More and more people are fast realizing that Laughter Yoga not only provides simple health benefits; it has the ability to ease the burden and trauma of serious diseases. The power of laughter helps patients to cope with their illness with a positive mental attitude resulting in a better outlook towards the disease.
Conditions like cancer, Parkinson's disease, PTSD and depression are no laughing matter. But an increasingly popular form of group therapy uses laughter to help people overcome these same health challenges.
At the Cancer Community Center in South Portland, a group of four people conduct a weekly yoga class which does not require any special poses or forceful stretching. "You don't have to be in shape or flexible, you don't have to put yourself on a yoga mat in order to come to class," says instructor Nina Walsh.
Walsh says that laughter releases endorphins, which give the same sort of high as one gets from running or any other exercise. It increases the circulation and clears other organs as well.
Nancy Pogar of Scarborough decided to join the laughter group two years after being diagnosed with cancer. She has only been to the class a couple of times, but says she noticed the effects immediately."I'm telling you, the laughter involved is so uplifting and I was very surprised at the soreness I felt the following day," she says. "So even though it's called Laughter Yoga, you're still getting a workout."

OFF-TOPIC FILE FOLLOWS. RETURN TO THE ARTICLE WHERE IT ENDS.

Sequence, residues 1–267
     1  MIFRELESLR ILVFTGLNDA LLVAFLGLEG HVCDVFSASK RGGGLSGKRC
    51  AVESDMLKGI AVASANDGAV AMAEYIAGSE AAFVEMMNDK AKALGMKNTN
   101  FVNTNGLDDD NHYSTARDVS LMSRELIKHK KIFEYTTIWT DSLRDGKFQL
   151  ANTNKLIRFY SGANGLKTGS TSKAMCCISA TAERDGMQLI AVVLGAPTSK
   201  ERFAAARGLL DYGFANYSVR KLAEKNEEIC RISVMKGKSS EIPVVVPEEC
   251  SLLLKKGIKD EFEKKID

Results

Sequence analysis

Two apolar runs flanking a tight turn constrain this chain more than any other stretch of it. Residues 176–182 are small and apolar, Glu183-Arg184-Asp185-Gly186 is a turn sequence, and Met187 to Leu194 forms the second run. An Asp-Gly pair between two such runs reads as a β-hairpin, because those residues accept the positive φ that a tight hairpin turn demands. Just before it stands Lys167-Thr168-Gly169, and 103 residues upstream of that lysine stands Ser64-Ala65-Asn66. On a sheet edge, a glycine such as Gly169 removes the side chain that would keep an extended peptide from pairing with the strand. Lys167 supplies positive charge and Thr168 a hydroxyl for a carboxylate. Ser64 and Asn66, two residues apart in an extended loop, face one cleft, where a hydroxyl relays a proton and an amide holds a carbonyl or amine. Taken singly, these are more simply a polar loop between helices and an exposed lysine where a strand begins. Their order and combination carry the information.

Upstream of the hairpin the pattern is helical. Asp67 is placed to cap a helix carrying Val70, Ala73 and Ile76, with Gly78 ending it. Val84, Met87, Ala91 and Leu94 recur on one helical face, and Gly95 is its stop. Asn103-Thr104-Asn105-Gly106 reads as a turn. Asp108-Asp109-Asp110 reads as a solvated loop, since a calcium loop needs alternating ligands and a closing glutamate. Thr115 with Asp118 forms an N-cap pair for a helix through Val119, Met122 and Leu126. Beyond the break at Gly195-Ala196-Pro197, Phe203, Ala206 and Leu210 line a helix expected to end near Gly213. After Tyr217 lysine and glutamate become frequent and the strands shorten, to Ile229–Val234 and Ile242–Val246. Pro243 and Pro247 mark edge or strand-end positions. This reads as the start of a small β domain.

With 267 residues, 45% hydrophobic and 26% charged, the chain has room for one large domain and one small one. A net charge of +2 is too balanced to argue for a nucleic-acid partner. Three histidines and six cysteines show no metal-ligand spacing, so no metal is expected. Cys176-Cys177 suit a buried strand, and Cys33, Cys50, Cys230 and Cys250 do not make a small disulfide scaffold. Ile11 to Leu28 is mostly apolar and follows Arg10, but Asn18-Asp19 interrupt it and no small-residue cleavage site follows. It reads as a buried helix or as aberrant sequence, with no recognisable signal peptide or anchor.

"I'm incredibly disabled and I wasn't even sure I could do any kinds of yoga," says Barbara Johnson, who also felt the benefits of Laughter Yoga, despite physical challenges. "The benefit has been incredible. I walk my dog further, and my mood is much lighter.
According to Walsh there has been a considerable rise in the number of people taking to Laughter Yoga and this is because of the immense benefits that they can feel from the very first session.